Government to look at administered electricity prices for key industries
Core industries are buckling under Eskom’s tariff hikes and the government is looking for ways to ease the burden
The government is looking to unroll administered electricity prices for key parts of the economy, including mining, manufacturing and furnaces smelting minerals, Gwede Mantashe, mineral resources and energy minister, has said.
The department is calling all coal producers together for a meeting on September 27 to discuss the best possible price for both the miners and state-owned power utility Eskom, creating an index price for coal, Mantashe said at a media briefing on Friday.
The much anticipated Integrated Resources Plan (IRP), which sets out the government’s plans for SA’s power sources, could be released as early as Wednesday, Mantashe said.
The plan will set out how reliant SA will remain on coal-fired electricity in the coming years and the role alternative sources of energy will play, including nuclear, solar and other renewables.
Mantashe has used various public platforms to stress that SA will not suddenly move away from coal, given its abundant resources of the fossil fuel. On Friday, he again said SA had to deploy clean-coal technologies as part of its energy mix.
As part of the discussions, it will call for the creation of administered prices at which electricity will be supplied to key industries that are shedding jobs and closing doors because of high electricity tariffs, Mantashe said.
The government will not impose a price on coal producers, but wants a lower general price for Eskom. It wants miners to make enough money to be profitable and to grow, he said. Prices higer than R550 a tonne of coal for Eskom is too expensive and he wants delegates at the talks to explore a price closer to R400/R450 a tonne, with a mechanism built in for annual increases, he said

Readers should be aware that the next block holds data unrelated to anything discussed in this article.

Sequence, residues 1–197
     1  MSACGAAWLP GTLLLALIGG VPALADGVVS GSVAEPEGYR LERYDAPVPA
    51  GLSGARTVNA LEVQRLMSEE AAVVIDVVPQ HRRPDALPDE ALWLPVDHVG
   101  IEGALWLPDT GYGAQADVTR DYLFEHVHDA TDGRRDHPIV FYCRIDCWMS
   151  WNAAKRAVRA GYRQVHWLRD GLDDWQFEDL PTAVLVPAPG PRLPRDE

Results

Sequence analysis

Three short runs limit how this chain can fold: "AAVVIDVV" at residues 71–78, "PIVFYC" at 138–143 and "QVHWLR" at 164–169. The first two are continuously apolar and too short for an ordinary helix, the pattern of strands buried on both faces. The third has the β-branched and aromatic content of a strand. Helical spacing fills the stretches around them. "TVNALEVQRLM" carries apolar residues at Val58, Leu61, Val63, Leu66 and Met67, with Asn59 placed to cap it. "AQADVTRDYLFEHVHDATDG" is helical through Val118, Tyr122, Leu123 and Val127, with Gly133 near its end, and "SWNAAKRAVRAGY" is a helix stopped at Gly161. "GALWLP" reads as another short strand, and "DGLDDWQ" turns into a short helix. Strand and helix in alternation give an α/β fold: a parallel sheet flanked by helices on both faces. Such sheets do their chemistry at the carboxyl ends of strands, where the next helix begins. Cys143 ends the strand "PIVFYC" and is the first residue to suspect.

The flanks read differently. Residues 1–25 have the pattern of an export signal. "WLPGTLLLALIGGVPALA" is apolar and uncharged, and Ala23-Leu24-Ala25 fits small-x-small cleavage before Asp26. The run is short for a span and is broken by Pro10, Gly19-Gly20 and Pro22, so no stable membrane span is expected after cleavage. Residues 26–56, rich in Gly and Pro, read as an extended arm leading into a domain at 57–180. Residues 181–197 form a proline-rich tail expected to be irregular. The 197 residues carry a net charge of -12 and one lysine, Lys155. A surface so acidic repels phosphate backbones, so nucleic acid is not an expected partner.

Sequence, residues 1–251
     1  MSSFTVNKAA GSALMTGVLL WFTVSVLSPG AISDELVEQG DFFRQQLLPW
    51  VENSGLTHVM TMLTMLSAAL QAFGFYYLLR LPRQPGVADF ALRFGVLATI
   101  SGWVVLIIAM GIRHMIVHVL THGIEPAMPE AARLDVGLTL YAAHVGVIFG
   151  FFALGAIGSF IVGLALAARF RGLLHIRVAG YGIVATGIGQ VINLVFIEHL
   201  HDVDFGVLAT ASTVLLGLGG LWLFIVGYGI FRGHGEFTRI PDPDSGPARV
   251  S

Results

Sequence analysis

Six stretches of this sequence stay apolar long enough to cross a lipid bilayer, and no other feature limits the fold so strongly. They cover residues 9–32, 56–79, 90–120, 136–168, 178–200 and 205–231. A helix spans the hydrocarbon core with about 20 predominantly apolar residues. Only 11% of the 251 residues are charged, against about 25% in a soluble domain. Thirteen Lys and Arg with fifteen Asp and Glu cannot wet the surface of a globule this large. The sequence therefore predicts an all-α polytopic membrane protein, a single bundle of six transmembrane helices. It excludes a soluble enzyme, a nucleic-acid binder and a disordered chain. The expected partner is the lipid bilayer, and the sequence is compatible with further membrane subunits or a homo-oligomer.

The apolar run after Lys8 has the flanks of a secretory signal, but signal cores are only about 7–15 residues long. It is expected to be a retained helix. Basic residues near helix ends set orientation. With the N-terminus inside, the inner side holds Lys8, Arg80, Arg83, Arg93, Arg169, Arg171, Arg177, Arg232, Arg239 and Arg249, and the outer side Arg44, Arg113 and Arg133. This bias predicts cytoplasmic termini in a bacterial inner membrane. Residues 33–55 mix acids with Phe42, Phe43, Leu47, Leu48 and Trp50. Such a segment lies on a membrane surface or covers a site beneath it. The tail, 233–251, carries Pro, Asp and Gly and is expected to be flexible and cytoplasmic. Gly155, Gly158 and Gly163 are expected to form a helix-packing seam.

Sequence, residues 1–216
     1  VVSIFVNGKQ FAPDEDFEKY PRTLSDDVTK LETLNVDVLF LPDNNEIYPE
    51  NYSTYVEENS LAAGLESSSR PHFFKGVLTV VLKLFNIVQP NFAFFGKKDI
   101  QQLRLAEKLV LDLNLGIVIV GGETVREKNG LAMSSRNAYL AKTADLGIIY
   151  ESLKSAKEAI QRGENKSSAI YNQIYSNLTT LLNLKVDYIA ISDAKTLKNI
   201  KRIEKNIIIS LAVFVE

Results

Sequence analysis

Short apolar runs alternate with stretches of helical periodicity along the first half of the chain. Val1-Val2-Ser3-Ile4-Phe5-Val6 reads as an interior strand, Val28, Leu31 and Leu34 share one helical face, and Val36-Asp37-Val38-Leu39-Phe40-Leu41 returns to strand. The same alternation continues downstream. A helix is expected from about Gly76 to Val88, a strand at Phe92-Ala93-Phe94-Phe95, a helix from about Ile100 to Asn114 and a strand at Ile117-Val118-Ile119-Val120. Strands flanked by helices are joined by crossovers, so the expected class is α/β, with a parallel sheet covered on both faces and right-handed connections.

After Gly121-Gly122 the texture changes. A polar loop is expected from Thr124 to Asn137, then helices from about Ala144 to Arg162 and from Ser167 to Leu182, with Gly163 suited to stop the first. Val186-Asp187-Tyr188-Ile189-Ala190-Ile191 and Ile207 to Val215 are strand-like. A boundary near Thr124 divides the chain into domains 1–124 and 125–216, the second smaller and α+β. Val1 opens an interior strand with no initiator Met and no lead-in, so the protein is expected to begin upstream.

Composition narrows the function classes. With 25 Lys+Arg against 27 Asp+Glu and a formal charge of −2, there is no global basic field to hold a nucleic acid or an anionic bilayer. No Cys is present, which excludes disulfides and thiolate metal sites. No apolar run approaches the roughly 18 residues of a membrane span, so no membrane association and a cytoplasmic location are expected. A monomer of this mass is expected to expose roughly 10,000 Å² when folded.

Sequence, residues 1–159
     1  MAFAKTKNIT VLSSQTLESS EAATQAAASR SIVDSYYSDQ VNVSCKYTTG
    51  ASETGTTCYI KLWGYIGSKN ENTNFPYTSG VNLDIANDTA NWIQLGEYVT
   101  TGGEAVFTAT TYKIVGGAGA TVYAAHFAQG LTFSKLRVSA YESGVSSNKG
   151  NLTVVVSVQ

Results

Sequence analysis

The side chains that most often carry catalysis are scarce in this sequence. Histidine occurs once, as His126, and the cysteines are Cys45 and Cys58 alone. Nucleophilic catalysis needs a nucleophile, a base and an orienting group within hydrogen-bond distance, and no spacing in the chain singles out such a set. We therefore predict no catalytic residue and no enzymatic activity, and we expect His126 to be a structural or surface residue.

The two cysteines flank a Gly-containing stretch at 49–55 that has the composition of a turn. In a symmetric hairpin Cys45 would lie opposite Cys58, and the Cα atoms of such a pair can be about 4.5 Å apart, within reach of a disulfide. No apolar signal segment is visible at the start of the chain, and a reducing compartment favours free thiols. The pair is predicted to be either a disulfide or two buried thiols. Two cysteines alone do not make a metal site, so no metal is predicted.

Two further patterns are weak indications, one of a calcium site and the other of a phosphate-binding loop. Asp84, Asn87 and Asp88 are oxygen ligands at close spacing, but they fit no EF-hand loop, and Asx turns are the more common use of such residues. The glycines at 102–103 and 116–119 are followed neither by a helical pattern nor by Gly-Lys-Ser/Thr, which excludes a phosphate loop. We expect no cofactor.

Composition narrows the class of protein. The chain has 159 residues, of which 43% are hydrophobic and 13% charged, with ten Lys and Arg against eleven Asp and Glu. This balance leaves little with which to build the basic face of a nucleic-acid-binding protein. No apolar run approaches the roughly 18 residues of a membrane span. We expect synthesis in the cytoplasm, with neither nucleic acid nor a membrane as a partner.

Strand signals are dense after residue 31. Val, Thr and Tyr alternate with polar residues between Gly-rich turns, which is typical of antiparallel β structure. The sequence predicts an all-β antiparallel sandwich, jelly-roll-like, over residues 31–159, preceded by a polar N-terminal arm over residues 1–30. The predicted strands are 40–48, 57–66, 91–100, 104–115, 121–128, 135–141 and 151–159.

“We will not go to coal producers and say sell your coal below production cost, but at what is a reasonable price. We will not index the price of coal unilaterally,” he said.
Minerals Council SA, the mining industry’s representative body, has said electricity prices for mines, one of the major consumers of electricity, has increased by 523% since 2006 and faces another 30% hike over the next three years.
“The reality of the matter is that we need to reduce the price of electricity. It is killing manufacturing, mining and furnaces,” he said, pointing to countries such as China smelting large quantities of SA chrome and manganese ore because it had become too expensive to do so in SA.
Debt-laden Eskom, which can barely afford the interest on its R450bn loans, faces being broken up into two or three parts by the government to better manage its debt. Mantashe cautioned that unbundling Eskom would not automatically lead to lower electricity prices.
Business has called Eskom, with its parlous financial state, its ageing power plants and cost increases, the single most serious crisis facing SA. With many of SA’s power stations coming to the end of their lives in coming decades, Mantashe said the government has to avoid its recent mistake of not building new plants in good time. “If we do not rebuild and replace these power stations, we will run into problems.”